Red Flags: How to Avoid a Fad Diet

In our society, dieting is the norm. Weight loss programs make up a multi-billion dollar industry encouraging Americans to jump on the next bandwagon and try the newest “fad” diet. While some of these dieting strategies are based on a string of truth, many are taken to extremes claiming speedy results often at the expense of health.

In March, we celebrate National Nutrition Month, which is the perfect time to focus on the benefits of nutritious foods and avoid the temptation to settle for a “quick fix”. This month, (and all year long) watch for these red flags of a “fad” diet:

1. Rapid Weight Loss

To get this point, you have to understand body composition. First of all, weight is not the only indicator of health. Yes, we look at weight to estimate disease risk, but we are ultimately concerned about body composition, or how much of your body is made up of muscle, water, bone, and of course, fat. Rapid weight loss is indicative of a loss in muscle, bone, or water, in other words, lean body mass – the stuff we don’t want to lose! Rather, a slow and steady weight loss of 1 to 2 pounds per week, protects lean body mass and promotes the loss of fat instead. Plus, slower weight loss is more sustainable and tends to stay off in the long run. Our bodies weren’t meant to change quickly. In this case, slow and steady wins the race.

2. Quantities, Limitations, and Rigid Menus

Many “fad” diets will suggest rigid menus with specific quantities of certain foods and limitations on others; however, research shows that eating a variety of foods from all food groups is important for health. Each food group performs a specific function in the body:

• Carbohydrate is the body’s primary energy source and also plays a role in making neurotransmitters such as serotonin and dopamine that help control mood.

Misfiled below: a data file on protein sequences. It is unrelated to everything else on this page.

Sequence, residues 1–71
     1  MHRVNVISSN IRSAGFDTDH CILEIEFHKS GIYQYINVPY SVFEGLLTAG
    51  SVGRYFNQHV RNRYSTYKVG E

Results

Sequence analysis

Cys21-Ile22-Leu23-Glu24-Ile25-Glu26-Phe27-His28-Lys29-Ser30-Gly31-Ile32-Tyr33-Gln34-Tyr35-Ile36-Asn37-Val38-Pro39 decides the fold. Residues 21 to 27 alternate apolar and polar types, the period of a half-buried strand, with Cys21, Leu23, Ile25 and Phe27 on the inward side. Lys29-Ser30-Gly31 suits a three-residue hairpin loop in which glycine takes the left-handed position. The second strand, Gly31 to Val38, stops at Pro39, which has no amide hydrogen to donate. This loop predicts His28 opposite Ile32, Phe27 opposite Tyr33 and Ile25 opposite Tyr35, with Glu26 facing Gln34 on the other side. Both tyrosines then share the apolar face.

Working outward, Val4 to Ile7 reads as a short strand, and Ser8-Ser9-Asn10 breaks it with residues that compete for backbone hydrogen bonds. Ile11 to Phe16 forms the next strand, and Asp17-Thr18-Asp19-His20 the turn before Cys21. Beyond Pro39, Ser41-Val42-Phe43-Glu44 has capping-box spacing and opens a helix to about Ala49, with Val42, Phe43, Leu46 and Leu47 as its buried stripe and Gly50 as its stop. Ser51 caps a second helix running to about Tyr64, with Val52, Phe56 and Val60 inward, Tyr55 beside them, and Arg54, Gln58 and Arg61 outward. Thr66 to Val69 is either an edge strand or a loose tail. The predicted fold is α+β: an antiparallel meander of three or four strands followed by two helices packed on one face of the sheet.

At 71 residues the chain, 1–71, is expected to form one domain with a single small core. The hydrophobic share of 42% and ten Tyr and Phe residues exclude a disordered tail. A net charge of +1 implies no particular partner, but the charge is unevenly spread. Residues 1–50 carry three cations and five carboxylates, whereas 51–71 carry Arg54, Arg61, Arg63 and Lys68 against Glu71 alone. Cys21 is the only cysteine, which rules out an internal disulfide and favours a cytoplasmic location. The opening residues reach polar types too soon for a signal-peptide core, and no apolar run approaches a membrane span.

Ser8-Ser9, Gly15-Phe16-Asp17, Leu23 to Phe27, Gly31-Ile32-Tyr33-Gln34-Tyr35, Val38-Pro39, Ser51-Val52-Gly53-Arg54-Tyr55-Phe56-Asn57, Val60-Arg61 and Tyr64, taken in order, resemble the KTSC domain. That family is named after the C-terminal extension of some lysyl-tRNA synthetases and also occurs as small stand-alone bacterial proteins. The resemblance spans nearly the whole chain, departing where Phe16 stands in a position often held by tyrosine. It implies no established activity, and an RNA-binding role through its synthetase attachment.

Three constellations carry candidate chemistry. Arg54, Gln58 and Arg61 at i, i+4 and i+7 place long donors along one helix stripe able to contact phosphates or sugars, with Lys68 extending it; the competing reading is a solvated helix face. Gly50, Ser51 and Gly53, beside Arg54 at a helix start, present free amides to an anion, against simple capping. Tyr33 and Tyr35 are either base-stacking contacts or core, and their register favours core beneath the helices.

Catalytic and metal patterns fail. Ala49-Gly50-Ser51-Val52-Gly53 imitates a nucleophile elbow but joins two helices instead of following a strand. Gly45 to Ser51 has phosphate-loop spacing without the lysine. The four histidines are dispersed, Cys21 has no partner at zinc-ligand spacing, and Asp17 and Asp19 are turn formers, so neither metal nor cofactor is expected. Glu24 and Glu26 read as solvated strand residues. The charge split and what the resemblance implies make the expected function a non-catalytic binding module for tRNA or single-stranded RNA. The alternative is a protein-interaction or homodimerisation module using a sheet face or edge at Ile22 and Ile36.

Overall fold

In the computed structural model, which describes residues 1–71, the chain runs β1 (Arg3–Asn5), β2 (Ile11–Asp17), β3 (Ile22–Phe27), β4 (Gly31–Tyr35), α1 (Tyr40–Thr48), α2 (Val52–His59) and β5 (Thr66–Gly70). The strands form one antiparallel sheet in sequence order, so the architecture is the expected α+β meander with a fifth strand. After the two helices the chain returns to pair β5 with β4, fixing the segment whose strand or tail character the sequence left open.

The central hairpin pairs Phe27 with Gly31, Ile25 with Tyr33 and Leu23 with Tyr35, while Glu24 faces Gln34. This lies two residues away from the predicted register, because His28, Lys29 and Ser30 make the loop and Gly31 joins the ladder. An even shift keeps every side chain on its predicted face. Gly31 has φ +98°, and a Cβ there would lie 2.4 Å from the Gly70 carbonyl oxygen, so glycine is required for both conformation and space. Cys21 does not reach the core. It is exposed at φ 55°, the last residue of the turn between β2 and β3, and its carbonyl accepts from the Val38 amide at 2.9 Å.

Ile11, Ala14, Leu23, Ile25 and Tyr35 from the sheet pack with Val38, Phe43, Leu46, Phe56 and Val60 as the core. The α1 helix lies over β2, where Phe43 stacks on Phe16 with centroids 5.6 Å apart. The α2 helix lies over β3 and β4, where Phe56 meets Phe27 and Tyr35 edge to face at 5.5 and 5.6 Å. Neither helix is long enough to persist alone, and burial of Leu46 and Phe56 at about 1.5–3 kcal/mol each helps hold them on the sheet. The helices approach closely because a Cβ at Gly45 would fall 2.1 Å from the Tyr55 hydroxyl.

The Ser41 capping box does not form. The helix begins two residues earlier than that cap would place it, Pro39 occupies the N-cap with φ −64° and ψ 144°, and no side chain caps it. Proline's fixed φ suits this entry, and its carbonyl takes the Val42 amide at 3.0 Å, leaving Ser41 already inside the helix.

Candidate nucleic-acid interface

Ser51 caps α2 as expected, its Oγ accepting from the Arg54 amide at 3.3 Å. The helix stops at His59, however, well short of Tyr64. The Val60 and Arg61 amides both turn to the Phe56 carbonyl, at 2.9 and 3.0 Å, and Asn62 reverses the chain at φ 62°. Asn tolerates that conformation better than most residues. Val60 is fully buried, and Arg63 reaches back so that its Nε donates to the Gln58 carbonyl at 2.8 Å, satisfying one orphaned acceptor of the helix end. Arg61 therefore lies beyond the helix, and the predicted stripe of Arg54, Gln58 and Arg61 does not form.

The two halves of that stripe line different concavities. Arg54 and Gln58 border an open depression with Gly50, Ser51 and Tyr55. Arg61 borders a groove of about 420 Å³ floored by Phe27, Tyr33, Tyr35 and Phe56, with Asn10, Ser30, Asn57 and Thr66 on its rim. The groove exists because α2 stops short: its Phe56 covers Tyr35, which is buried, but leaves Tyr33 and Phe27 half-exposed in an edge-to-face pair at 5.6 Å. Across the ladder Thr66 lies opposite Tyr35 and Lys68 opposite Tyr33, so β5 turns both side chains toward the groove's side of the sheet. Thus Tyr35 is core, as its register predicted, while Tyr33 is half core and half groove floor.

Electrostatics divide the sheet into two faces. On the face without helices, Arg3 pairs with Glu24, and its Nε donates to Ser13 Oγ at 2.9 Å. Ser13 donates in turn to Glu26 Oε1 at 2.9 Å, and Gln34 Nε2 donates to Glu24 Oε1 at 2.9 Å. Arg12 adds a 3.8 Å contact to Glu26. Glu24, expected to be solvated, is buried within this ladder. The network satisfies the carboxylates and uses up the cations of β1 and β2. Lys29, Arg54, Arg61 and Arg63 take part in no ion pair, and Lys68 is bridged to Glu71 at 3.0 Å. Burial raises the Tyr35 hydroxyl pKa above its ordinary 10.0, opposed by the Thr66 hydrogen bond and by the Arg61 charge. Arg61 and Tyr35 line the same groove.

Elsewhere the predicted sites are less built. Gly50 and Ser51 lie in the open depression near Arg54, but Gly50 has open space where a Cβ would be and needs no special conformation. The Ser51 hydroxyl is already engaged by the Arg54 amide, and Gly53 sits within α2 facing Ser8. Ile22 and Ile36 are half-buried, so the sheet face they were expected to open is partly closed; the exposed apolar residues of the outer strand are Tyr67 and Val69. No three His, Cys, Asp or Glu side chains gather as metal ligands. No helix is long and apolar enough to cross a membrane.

• Protein is the building block for muscles, bone, skin, and blood providing important nutrients such as iron and omega-3 fatty acids from seafood.
• Fruits and vegetables are high vitamins, minerals, fiber, and antioxidants to support immune function and prevent disease.
• Dairy provides calcium and vitamin D which are vital for bone health and reduce the risk of depression.
• Healthy fats support brain function, hormone and cell production, and nerve transduction as well as aid in the digestion of the fat soluble vitamins: A, D, E, K.

Restricting a food group throws the whole system off. Plus, I don’t know about you, but when I’m told that I can’t have something, suddenly that’s the only thing I want! If a diet requires you to NEVER eat your favorite foods, you’ll most likely end up wanting them more and you may even overindulge later. Quantities, limitations, and rigid menus also increase stress. Cortisol is the hormone released during stressful situations and it also causes your body to store fat! You can see how this type of dieting is not only unsustainable, but it’s actually counterproductive. Instead, eat a variety of foods from all food groups in moderation and without guilt. Life is stressful enough. Let’s try not to complicate things.

3. No need to Exercise

“Fad” diets will often claim that exercise isn’t necessary – an approach that is not backed by science. Exercise not only helps sustain weight loss, but also lowers blood pressure, reduces stress, and supports your immune system. Physical activity should go hand in hand with nutrition as a part of an overall healthy lifestyle.

Unfortunately, there are no foods or pills that magically burn fat while you sleep. Even “superfoods” while nutrient dense, are not “miracle” foods. A good rule of thumb is if a diet or product seems too good to be true, it probably is. Instead of falling for the false promises of a “fad” diet, take your health into your own hands and incorporate healthier habits into your daily lifestyle.

This National Nutrition Month, focus on variety, balance, and moderation. Your physical and mental health will thank you for it.

Elizabeth Hall, RDN, LDN
Food City Registered Dietitian
Twitter: @FCDietitian